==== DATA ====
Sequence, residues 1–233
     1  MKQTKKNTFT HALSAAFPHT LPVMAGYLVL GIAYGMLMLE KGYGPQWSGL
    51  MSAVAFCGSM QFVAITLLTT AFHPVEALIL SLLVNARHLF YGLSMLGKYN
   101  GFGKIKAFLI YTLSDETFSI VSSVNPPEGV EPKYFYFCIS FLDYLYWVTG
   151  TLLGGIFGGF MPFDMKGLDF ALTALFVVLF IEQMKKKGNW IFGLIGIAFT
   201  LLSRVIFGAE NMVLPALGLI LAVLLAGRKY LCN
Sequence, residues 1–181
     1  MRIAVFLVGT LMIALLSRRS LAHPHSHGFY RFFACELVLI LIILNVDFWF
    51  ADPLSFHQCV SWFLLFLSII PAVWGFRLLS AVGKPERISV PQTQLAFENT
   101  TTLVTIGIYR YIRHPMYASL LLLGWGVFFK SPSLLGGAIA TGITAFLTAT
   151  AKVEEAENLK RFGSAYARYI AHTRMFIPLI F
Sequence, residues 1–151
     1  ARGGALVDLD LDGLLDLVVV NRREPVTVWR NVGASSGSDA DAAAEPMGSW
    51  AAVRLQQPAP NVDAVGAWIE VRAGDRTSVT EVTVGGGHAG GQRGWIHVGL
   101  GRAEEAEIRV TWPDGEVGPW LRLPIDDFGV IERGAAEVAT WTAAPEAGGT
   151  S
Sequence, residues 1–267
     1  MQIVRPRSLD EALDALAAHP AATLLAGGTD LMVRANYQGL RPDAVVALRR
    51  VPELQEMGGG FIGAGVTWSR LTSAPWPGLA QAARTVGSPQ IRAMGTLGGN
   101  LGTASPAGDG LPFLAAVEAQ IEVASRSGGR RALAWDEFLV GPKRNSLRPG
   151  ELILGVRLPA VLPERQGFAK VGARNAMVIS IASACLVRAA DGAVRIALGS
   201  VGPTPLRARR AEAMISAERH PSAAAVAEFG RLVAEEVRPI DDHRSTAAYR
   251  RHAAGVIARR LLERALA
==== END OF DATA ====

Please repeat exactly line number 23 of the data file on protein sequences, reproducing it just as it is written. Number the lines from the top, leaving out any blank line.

   251  RHAAGVIARR LLERALA